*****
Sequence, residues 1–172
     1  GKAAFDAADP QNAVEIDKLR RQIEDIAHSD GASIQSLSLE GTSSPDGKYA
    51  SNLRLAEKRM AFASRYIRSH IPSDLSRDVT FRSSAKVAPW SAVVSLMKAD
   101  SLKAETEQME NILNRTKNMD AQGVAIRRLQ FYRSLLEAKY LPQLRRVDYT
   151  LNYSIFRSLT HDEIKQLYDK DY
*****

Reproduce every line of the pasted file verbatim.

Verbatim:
Sequence, residues 1–172
     1  GKAAFDAADP QNAVEIDKLR RQIEDIAHSD GASIQSLSLE GTSSPDGKYA
    51  SNLRLAEKRM AFASRYIRSH IPSDLSRDVT FRSSAKVAPW SAVVSLMKAD
   101  SLKAETEQME NILNRTKNMD AQGVAIRRLQ FYRSLLEAKY LPQLRRVDYT
   151  LNYSIFRSLT HDEIKQLYDK DY